The cost of making a kid a star...
- "They nailed her to the cross."
- "At home I'm used to pushing her."
- "I don't want to get frustrated with you here. Tone it down and start to cry."
Alai: "Couldn't you just talk it out with her?"
Gigi: "She's a liar and how do I feel about liars?"
Alai: "You don't like them."Setting aside what I am convinced is almost always the horrendous emotional cost to the child, what about the parent's investment? Mary Jo's mom said she'd invested $35,000. By this, we can understand she means classes and more classes, head shots, wardrobe, hair, travel, phone calls. She may - or may not - also be including the cost of the eye surgery that she reported Mary Jo endured. Perhaps the eye surgery was unrelated to the goal of stardom (I hope so) and isn't included.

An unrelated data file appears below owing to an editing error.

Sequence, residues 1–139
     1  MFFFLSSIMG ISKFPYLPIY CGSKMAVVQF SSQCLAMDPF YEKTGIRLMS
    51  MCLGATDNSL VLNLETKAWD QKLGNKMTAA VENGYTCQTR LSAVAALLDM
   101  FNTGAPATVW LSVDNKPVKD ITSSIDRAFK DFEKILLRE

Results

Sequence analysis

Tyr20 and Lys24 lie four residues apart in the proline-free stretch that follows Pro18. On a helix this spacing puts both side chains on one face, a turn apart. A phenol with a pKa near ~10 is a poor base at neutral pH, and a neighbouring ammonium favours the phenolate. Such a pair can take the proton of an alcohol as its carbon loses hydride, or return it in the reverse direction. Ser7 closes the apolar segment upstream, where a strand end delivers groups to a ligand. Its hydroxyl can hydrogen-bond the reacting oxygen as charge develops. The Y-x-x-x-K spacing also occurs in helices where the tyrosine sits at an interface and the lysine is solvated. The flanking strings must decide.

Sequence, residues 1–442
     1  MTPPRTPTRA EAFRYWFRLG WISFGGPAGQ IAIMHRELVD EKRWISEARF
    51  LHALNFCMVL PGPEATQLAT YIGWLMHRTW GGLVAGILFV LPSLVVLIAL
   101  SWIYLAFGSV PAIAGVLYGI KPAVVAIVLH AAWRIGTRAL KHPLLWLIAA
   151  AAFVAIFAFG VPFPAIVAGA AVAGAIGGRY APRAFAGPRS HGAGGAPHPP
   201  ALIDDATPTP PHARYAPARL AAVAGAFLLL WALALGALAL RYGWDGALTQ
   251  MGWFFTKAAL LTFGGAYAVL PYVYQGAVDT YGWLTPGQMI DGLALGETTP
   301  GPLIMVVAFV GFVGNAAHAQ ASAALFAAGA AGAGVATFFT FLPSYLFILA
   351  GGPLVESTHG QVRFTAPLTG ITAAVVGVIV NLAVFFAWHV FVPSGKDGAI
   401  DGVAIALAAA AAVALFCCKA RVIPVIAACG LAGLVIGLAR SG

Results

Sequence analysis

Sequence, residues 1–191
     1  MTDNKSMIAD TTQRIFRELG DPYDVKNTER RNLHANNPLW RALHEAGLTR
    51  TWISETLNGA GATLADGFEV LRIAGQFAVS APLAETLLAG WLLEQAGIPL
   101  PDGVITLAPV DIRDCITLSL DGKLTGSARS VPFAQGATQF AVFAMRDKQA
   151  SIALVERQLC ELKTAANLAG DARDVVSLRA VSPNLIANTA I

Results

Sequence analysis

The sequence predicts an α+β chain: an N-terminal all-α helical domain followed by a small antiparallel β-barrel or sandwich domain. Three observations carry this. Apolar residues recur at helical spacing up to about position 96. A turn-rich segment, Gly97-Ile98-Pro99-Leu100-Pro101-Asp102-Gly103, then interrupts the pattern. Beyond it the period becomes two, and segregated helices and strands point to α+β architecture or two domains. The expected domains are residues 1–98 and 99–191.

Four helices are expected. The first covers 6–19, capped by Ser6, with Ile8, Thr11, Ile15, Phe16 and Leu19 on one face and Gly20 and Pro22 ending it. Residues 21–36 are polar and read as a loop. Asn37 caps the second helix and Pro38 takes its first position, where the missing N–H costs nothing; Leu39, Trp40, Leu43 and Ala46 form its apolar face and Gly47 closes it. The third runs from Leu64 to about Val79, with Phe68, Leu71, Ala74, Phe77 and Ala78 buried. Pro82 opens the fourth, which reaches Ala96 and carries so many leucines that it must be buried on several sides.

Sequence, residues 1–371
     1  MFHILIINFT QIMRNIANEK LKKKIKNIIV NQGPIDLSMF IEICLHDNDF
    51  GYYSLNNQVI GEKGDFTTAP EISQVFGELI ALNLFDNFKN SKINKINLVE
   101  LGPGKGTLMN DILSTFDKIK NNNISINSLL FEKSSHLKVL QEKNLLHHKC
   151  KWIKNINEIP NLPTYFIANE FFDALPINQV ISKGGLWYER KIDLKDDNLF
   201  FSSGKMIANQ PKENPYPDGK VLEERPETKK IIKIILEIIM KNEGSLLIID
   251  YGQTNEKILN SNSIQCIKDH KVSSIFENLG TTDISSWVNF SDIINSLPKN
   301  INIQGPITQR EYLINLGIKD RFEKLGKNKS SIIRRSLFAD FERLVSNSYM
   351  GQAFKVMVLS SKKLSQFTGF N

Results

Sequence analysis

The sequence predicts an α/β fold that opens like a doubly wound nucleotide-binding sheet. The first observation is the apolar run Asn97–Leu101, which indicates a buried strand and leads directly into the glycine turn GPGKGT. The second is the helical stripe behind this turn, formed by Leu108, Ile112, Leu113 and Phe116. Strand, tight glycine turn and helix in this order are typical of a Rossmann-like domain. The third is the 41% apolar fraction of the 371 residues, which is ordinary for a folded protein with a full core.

What about the other costs? How do you measure the cost of time spent on the road? What happens to the rest of family life when one parent's energy is consumed by looking for an agent, traveling to an audition, fitting in yet another lesson? What is the cost to the other children in the family, to time together at home? What happens to down time, where kids don't have to practice anything and can just be? What remains for other interests and other possibilities?
For anyone who is considering traveling this road, consider this: ActingCareerStartup reports that each year thousands and thousands of teens decide to pursue an acting career - more than double that of most other demographic categories of actors. The odds of the investment paying off? Not good.
Worst of all, even if you win you lose. The real cost is to the child, to what is sacrificed in her emotional development while her energy is absorbed in developing a false self. Look at the young adults who "won" and made it to the top as child stars. It will remind you that it is likely you will need to factor in the other costs: drug rehab and psychotherapy.